Friday, June 11, 2010

The Information Blockade

I am taking a break from flotilla-related writing to report about the latest developments in the ongoing case of Turkey v. Google. As recounted here previously, a ban on Google's YouTube ha been in place in Turkey since 2008 after a court ruled that certain videos that were up on the site violated the law against insulting Ataturk. The ban was made possible by new Turkish legislation that critics have called too broad and too arbitrary. You can read about it here.

In recent days, strange things have been happening with several other Google sites. They aren't quite blocked, but access to them has been slowed down to point of them not being usable. Google Maps, for example, is one of the victims. Turkish officials haven't really explained what's going on, but Turkey's transportation minister, also responsible for internet matters, hinted that there was some kind of tax dispute between Ankara and Google.

What's disturbing about the Google slowdown is that rather than by court order (like in the case of YouTube) this action is being done by Telecommunications Directorate, the government agency that monitors the Internet and which is allowed to shut down sites without a court order. A lawsuit in the matter has already been filed by a group of "media freedom activists" who want the Turkish government to lift its Google blockade. Today's Zaman columnist Beril Dedeoglu writes in Friday's paper about the cost of the slowdown to Turkey's e-commerce and tourism sector. Column here.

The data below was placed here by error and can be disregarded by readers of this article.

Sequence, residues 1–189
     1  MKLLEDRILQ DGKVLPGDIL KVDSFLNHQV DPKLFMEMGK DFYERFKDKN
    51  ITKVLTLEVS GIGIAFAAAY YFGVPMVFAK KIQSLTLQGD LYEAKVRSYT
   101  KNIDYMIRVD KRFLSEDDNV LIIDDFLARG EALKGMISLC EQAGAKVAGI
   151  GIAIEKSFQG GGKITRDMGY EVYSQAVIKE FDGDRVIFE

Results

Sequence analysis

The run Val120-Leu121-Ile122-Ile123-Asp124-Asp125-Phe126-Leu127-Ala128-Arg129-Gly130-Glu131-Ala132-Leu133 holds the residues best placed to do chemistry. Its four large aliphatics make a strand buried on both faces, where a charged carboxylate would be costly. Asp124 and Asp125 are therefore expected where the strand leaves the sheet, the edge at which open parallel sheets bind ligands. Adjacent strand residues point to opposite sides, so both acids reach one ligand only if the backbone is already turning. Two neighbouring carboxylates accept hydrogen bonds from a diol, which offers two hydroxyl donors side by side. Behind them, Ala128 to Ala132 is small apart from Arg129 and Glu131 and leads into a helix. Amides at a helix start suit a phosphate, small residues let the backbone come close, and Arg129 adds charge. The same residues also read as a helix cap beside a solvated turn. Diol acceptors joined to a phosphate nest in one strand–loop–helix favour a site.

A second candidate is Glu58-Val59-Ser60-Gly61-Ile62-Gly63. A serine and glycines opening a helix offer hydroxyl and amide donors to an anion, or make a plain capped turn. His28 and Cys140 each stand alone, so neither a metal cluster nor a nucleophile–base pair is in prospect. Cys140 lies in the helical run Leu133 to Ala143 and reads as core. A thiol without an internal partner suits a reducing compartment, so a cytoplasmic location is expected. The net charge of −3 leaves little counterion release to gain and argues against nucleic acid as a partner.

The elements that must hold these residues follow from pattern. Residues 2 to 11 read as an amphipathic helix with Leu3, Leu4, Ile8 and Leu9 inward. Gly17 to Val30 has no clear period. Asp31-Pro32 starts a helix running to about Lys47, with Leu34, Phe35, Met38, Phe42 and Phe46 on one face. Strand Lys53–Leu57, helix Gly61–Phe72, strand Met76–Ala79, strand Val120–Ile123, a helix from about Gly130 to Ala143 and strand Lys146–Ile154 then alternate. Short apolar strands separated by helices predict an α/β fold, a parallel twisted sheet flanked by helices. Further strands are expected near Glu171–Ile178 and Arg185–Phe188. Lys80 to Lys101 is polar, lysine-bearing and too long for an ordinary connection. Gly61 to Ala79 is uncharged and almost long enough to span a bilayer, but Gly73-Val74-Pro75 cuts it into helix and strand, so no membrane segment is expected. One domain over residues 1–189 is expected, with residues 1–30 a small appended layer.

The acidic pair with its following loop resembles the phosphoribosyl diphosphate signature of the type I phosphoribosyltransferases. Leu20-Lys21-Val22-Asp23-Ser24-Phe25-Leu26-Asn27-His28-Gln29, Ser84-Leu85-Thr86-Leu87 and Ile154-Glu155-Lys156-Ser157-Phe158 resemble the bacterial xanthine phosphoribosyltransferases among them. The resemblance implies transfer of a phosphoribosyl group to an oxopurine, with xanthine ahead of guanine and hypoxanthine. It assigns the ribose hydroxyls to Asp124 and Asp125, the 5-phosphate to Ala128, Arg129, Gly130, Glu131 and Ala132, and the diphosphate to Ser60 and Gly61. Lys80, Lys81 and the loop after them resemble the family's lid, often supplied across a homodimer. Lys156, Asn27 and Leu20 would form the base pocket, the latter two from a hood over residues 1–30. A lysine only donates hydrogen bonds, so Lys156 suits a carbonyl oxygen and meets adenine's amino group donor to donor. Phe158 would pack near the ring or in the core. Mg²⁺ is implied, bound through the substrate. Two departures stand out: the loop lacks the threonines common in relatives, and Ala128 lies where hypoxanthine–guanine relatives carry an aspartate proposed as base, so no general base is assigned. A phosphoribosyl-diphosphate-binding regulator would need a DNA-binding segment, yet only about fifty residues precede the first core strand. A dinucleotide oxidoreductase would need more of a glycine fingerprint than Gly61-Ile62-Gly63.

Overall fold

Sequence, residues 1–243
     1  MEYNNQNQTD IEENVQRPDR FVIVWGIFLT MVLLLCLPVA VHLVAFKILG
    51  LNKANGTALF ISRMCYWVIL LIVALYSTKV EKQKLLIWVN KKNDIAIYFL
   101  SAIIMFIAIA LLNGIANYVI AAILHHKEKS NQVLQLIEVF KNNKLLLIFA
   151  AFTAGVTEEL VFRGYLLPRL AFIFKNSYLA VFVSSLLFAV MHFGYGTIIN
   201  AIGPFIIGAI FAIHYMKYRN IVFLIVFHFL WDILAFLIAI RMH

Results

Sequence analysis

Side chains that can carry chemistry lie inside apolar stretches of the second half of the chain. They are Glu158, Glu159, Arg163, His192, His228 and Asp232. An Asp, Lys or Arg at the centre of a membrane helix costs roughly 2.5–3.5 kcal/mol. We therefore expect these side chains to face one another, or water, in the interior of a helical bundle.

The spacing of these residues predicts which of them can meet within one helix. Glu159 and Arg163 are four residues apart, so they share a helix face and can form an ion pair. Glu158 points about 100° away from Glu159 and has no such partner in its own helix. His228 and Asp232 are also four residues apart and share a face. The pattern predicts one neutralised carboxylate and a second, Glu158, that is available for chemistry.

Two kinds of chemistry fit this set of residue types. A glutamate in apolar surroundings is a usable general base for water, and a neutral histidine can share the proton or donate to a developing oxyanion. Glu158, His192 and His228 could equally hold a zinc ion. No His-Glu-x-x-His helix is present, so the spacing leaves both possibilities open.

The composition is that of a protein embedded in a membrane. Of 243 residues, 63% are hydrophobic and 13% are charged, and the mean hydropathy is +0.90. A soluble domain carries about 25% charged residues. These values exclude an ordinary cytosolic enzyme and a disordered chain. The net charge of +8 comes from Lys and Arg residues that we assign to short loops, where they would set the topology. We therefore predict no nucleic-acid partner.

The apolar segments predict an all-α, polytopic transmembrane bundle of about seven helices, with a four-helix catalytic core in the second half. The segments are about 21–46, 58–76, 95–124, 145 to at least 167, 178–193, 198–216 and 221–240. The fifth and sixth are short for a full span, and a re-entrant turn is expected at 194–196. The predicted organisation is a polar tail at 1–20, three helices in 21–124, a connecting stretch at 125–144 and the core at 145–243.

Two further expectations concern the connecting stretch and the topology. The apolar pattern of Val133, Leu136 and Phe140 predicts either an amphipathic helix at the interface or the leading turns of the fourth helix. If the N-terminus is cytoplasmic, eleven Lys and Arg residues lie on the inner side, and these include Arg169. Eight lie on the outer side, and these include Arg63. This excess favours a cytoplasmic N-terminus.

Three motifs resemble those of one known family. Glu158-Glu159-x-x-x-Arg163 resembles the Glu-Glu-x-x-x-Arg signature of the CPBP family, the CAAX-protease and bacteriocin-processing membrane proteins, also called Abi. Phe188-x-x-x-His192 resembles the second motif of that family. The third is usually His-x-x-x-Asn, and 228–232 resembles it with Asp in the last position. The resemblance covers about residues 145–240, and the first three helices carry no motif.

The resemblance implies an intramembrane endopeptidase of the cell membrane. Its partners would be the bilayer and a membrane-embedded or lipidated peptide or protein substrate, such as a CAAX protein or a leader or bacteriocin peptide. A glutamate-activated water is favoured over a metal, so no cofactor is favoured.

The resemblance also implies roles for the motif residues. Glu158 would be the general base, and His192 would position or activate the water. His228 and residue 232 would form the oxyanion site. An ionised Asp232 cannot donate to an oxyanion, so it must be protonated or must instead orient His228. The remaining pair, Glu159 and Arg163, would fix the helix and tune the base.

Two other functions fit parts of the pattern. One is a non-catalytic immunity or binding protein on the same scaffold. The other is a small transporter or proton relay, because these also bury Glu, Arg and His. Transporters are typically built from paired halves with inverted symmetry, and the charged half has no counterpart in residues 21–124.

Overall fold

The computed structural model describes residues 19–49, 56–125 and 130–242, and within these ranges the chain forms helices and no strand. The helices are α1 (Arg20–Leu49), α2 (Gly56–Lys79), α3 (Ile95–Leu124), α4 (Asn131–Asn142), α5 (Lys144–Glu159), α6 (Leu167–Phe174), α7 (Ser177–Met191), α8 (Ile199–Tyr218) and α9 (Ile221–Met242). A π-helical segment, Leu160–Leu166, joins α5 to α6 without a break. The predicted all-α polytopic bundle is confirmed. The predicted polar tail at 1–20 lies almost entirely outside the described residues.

Obviously, there will be those wags out there who will somehow try to use the Google affair as further evidence that Turkey is "drifting east." This blog will not join them, except to say that liberally interpreting the rule of law and arbitrarily applying it, as well as thuggishly depriving a country's population access to important knowledge-based services to prove a point in a tax dispute, does certainly smack of some kind of drift, eastward or other.

1 comment:

Nomad said...

I think this video- as corny as it is in places- pretty much sums up the situation not only in Turkey but many places in the world.

By the way, I love the characterizations. The craggy teacher and the cackling boss are favorites.